The following descriptions highlight some of the more significant worldwide specimens in his recent donation and are already on exhibit in the museum’s Mineral Treasures Gallery. Perhaps the most significant individual specimen is a 50 cm wide by 30 cm tall group of calcite crystals from the Shullsburg, Wisconsin, lead-zinc mines, and is among the finest large calcite specimens ever recovered from the Shullsburg district. Another calcite of similar proportions from the Elmwood mine, Carthage, Tennessee, is particularly noteworthy for its size (43 cm tall) and golden color, making it a world-class specimen with considerable visual impact.

The Ojuela Mine, Mapimi, Durango, Mexico is a famous locality from which Hampel has donated a spectacular plate of yellow-green adamite crystals, 22 cm long. Trepca, Kosovo, is another well-known mining district, from which Hampel’s recent donation included an excellent suite of hydrothermal vein specimens of calcite, quartz and a variety of sulfide species. Tsumeb, Namibia, has been called the finest mineral locality in the world, and is underrepresented in the museum’s collection.

Since the closure of the mine, large museum-quality specimens are virtually unobtainable. This is especially true for an outstanding 23 cm specimen of bright green crystals of dioptase on white calcite in the donation, of which together with a 17 cm plate of duftite, results in a significant improvement for the museum’s Tsumeb holdings.

The quality, depth and breadth of the museum’s collection of crystallized native copper from the world’s premier locality, the Keweenaw Peninsula, is unmatched in the world. The Hampel donation contains a significant number of attractive native copper and silver specimens from the White Pine Mine, Ontonagon County, and several are better than the many high-quality specimens already in the museum’s collection.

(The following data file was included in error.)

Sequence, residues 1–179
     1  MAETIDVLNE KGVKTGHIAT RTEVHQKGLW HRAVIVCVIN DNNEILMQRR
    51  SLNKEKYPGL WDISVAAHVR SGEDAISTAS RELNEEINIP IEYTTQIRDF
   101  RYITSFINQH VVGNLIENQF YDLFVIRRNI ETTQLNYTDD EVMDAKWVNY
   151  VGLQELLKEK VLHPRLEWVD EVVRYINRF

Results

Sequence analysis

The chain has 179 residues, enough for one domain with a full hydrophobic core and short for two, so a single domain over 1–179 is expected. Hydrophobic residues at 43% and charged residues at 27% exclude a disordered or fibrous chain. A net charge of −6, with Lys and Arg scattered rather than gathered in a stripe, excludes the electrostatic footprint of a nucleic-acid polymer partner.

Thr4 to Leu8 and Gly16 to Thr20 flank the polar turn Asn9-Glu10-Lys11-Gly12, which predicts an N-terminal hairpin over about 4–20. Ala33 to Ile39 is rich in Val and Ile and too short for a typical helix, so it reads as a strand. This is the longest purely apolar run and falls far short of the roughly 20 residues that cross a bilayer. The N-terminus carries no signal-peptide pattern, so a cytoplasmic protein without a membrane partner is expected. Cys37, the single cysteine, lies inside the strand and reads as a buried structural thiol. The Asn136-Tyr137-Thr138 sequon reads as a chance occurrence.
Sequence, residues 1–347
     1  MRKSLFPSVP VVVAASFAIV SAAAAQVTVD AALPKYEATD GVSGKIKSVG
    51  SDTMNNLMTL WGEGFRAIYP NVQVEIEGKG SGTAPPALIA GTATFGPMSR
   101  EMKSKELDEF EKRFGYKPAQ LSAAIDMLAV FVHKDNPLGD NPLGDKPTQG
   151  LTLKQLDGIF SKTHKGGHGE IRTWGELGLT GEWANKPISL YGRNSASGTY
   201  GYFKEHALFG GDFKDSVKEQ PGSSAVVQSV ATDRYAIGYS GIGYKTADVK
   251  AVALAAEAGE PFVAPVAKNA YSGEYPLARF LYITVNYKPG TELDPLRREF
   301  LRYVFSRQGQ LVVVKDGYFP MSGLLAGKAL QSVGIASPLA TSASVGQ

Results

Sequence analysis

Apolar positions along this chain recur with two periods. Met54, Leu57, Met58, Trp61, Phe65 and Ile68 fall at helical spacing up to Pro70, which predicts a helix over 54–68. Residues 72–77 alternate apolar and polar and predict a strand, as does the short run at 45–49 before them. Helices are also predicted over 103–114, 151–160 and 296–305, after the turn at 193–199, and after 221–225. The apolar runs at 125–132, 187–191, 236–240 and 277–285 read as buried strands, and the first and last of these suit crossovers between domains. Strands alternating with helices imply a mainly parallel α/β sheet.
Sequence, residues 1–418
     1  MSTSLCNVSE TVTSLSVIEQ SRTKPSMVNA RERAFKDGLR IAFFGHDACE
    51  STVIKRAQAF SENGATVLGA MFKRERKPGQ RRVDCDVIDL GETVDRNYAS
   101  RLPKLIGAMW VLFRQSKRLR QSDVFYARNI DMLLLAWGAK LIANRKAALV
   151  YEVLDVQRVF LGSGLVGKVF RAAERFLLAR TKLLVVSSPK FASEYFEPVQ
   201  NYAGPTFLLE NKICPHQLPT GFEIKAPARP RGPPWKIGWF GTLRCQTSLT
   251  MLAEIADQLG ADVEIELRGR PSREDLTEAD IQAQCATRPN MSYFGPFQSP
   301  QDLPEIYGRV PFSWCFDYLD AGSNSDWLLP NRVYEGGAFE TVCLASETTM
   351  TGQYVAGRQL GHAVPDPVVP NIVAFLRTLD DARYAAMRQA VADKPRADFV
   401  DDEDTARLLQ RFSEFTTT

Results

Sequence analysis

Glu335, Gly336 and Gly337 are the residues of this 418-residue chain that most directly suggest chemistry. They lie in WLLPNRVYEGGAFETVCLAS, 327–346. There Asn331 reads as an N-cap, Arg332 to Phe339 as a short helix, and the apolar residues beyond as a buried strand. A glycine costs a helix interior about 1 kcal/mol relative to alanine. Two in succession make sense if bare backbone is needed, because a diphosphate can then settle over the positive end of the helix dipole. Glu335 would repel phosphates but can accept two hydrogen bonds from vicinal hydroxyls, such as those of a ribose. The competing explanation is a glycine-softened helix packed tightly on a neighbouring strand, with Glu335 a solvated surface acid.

Hampel has a long-standing personal and professional relationship with recent past curator of the museum and professor emeritus, George Robinson and past director Stanley Dyl. According to the museum’s Executive Director Ted Bornhorst, “Even long past their retirements George and Stan continue to enhance the quality of the museum because of the relationships they developed with many of the museum’s friends. George and Stan really deserve the principal credit for Lance’s donations.”

By the A. E. Seaman Mineral Museum.


Simon Carn Clarifies the Role of Volcanic Eruptions in Climate Change

Effusive Volcanic Flow showing lava traveling down a road.
Flow from an effusive volcanic eruption, courtesy of USGS.

Simon Carn (GMES) was quoted in the article “Why Is a Climate Change Skeptic Headlining Science Conferences?” in the Daily Beast. Carn refutes statements made by retired geophysicist Peter Ward that volcanic eruptions, not greenhouse gasses, are responsible for climate change. Ward made the comments in an address to the Geological Society of America.

Why Is a Climate Change Skeptic Headlining Science Conferences?

The Geological Society of America—the country’s premier research and professional organization for geologists—met in Indianapolis earlier this month.

Amidst the otherwise nerdy, sleepy lectures on volcanoes, rocks, and other natural formations was one from Peter L. Ward, a retired geophysicist, who delivered a talk on how volcanic eruptions—not greenhouse gases—are behind climate change.

That’s odd, since the role of greenhouse gas emissions as the primary cause driving climate change is universally backed by scientists.

“Peter Ward has claimed that ‘all’ volcanic eruptions deplete ozone, including the type we call ‘effusive,’ like the eruption of Kilauea that occurred last summer in Hawaii,” volcanologist Simon Carn, an associate professor [now full professor] at Michigan Tech, told The Daily Beast.

Effusive eruptions, in which lava steadily flows out of a volcano onto the ground, typically inject gases to much lower altitudes than explosive eruptions. That means they’re highly unlikely to deplete ozone. “They don’t produce very much chlorine/bromine, and the emissions do not reach the stratosphere where the ozone layer is located,” Carn explained. “His ideas linking volcanic eruptions to ozone depletion and global warming are completely unsubstantiated.”

Read more at the Daily Beast, by Bahar Gholipour.